Home Opinion OPINION: How a ragtag bunch of volunteers beat a sitting governor

OPINION: How a ragtag bunch of volunteers beat a sitting governor

I’ve had the dubious “privilege” of knowing North Carolina Governor Roy Cooper for more than 25 years. I knew him when, as chair of the N.C. Senate Judiciary Committee, he killed our efforts to strengthen our concealed handgun permit law.

I knew Roy Cooper as N.C. Attorney General, when he callously added people deemed not to be a danger to self or others to the list of “mental defectives” — prohibited persons in the National Instant Background Check System. For the hearing on the bill, I sat in the front row of the committee room as he marched his entourage into the meeting, shaking hands and slapping backs.

When he got to me, despite our not having crossed paths in 10 years, his smile disappeared: “Oh. Hello, Paul.” His voice dripped with contempt. As I locked eyes with him, my reply was a hearty, “Hey, Roy.”

And finally, I knew him as governor, when he vetoed our church carry bills twice and our repeal of the Jim Crow-era pistol purchase permit relic once.

And now, I’ve had the pleasure of tangling with Cooper one more time — the time when we delivered on our promise to bring defeat to his doorstep by overriding his veto of Senate Bill 41.

How gun rights groups can win

What changed over those 25 years was our level of organization. What started as a few dozen Second Amendment stalwarts grew to thousands of grizzled and dedicated activists. We trained. We fundraised. We spent untold hours building our strength.

Equally important, we learned how to win elections. We did not, like some grassroots groups, simply throw money at a few politicians and call it a day. No, we created a serious candidate evaluation system, distributed 150,000 voter guides in election years, and used our political action committee to do independent expenditures via mailings, robocalls, automated text messaging, radio spots, e-mail and, most recently, sophisticated geofencing to deliver messages to mobile apps.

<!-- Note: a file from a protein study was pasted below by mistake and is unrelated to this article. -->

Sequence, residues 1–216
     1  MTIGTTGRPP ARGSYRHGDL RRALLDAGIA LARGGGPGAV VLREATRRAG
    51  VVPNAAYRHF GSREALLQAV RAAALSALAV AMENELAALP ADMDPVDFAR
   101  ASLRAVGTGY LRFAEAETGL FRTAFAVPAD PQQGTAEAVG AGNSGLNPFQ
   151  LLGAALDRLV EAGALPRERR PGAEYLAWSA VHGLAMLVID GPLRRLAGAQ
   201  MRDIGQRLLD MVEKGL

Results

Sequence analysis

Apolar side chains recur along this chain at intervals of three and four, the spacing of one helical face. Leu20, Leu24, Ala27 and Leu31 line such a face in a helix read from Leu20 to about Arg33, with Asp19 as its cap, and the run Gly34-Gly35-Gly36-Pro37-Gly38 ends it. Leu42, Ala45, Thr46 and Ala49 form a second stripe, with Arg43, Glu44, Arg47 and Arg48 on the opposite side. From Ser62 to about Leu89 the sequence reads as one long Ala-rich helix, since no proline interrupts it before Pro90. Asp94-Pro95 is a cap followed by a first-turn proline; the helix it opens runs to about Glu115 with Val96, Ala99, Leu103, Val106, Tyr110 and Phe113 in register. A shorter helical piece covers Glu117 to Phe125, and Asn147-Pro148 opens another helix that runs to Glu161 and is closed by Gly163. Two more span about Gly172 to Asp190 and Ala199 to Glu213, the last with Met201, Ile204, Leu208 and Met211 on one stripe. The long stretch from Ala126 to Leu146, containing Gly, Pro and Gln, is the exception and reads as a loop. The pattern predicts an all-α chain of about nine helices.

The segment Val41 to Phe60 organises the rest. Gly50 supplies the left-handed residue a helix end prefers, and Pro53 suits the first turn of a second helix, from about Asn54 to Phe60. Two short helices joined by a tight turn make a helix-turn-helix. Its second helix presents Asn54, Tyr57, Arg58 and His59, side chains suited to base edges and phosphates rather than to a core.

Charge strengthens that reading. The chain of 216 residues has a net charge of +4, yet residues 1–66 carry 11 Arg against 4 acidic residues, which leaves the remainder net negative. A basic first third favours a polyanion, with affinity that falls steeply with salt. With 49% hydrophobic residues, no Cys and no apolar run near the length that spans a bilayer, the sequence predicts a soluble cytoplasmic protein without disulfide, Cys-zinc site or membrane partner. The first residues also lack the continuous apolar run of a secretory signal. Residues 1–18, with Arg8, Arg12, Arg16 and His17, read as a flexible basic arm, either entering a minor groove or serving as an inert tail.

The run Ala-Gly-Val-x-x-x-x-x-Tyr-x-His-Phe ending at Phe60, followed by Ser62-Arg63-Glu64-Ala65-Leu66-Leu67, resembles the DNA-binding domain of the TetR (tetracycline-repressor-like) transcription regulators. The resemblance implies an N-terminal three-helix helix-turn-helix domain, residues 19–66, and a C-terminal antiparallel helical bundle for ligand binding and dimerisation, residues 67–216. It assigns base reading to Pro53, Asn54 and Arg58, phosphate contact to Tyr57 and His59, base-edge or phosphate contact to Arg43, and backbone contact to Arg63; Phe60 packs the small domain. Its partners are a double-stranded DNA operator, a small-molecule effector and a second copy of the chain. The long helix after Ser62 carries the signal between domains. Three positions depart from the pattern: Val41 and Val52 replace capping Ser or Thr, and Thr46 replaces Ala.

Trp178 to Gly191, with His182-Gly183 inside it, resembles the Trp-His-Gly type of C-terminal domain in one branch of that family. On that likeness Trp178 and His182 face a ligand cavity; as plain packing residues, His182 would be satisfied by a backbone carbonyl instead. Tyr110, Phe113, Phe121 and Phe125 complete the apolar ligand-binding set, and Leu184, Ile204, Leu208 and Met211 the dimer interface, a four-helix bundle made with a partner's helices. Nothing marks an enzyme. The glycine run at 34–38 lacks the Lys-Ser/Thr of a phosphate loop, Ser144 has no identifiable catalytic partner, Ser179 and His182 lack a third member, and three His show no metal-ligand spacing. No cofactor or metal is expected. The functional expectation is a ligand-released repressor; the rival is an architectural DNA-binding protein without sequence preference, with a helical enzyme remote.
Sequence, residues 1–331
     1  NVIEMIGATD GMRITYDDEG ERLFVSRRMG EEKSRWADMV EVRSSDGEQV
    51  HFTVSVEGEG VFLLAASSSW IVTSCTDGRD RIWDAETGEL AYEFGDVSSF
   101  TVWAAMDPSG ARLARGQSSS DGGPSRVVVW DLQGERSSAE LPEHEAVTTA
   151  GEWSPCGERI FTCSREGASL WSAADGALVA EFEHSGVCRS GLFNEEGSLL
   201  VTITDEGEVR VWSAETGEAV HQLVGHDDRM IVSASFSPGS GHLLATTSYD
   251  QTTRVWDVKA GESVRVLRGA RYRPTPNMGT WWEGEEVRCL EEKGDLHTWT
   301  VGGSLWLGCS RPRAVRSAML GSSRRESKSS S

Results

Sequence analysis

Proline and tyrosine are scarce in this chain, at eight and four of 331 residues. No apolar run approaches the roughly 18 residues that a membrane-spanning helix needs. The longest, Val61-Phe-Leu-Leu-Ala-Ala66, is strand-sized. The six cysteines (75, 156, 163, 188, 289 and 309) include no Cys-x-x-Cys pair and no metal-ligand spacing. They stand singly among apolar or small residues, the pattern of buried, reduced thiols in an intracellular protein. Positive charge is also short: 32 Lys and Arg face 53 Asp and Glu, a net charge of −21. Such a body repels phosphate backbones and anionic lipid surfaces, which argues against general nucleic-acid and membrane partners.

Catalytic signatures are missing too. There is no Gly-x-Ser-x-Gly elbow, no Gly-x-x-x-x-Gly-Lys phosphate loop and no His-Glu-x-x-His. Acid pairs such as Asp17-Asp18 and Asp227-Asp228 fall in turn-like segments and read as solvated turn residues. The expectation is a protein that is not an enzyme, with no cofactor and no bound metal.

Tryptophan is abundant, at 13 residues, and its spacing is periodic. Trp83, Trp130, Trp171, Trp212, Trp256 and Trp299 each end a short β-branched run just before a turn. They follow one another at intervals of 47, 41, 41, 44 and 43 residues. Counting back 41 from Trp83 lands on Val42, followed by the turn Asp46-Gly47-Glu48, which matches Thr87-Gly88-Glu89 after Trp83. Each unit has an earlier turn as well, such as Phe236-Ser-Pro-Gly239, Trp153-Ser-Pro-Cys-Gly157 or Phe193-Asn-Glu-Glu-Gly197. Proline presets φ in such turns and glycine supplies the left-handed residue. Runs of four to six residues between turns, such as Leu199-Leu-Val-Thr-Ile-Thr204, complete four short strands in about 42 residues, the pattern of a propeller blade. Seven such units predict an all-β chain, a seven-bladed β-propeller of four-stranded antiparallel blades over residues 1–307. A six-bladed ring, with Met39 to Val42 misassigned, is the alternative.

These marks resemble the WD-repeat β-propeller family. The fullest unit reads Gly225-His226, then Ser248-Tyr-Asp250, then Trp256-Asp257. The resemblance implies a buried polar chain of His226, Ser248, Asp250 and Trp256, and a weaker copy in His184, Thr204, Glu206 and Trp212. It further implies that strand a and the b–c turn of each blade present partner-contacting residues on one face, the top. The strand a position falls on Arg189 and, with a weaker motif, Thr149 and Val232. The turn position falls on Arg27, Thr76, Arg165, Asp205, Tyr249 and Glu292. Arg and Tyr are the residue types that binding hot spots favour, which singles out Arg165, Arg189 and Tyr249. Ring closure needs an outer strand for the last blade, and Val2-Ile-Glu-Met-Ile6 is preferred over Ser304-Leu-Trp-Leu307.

We worked tirelessly to create a supermajority in the N.C. General Assembly and finally, in 2022, our efforts paid off. What has elsewhere been dismissed as a “red ripple” in the 2022 elections did not take place in North Carolina. We got the “red wave.” We achieved a veto-proof supermajority in the N.C. Senate and were only one seat shy in the N.C. House.

Next, I wrote an open letter to Senate President Pro Tem Phil Berger and Speaker Tim Moore, pointing out what gun voters had done for them and what those gun voters wanted. To their credit (and unlike most politicians), they “Danced with the one that ‘brung ‘em.”


What followed was the most efficient legislative operation I have had the good fortune to witness in my 29 years of gun rights leadership — something “There’s-not-a-dime’s-worth-of-difference-between-them” critics of the Republican Party should consider. Particular thanks are due to the bill’s sponsors, Senators Danny Britt, Warren Daniel, and Jim Perry, for their highly professional and outstanding work.

Yesterday, in the Senate and today, in the House, we overrode the veto of Senate Bill 41 by the most anti-freedom governor in North Carolina’s history. And make no mistake: This day is historic. All-volunteer Grass Roots North Carolina was central to the first override of Cooper’s many vetoes since 2018 — the first-ever override of a gun bill in North Carolina.

I am extremely proud of the ragtag band of gun rights volunteers whom I’ve had the privilege of flogging over nearly three decades, and I thank them for putting up with my flogging. We joke about giving “100%” pay raises and punishing screw-ups by promotion (which explains how I got to be president). I often say that Grass Roots North Carolina is a lot like the Israeli military: Our operations aren’t necessarily pretty, but we get the job done.

Like the concealed handgun law we engineered in 1995 and the Castle Doctrine we got passed in 2011, SB 41 will save lives. First, it will allow church parishioners to carry concealed firearms in churches which sponsor schools — exactly like the Coventry School and associated Covenant Presbyterian Church recently attacked in Nashville. Second, it eliminates an archaic permit system which enabled felons to circumnavigate gun purchase background checks.

It is this type of success I seek to propagate in other groups. It is precisely why I wrote “Rules for ANTI-Radicals: A Practical Handbook for Defeating Leftism,” which is the culmination of what we learned over nearly three decades.

The takeaway is that ragtag volunteers can indeed beat a sitting leftist governor. And I can add only that whatever office this term-limited governor chooses to run for next, we will relish the opportunity to beat him there too.

Paul Valone is president of Grass Roots North Carolina. Originally published at rulesforantiradicals.com.

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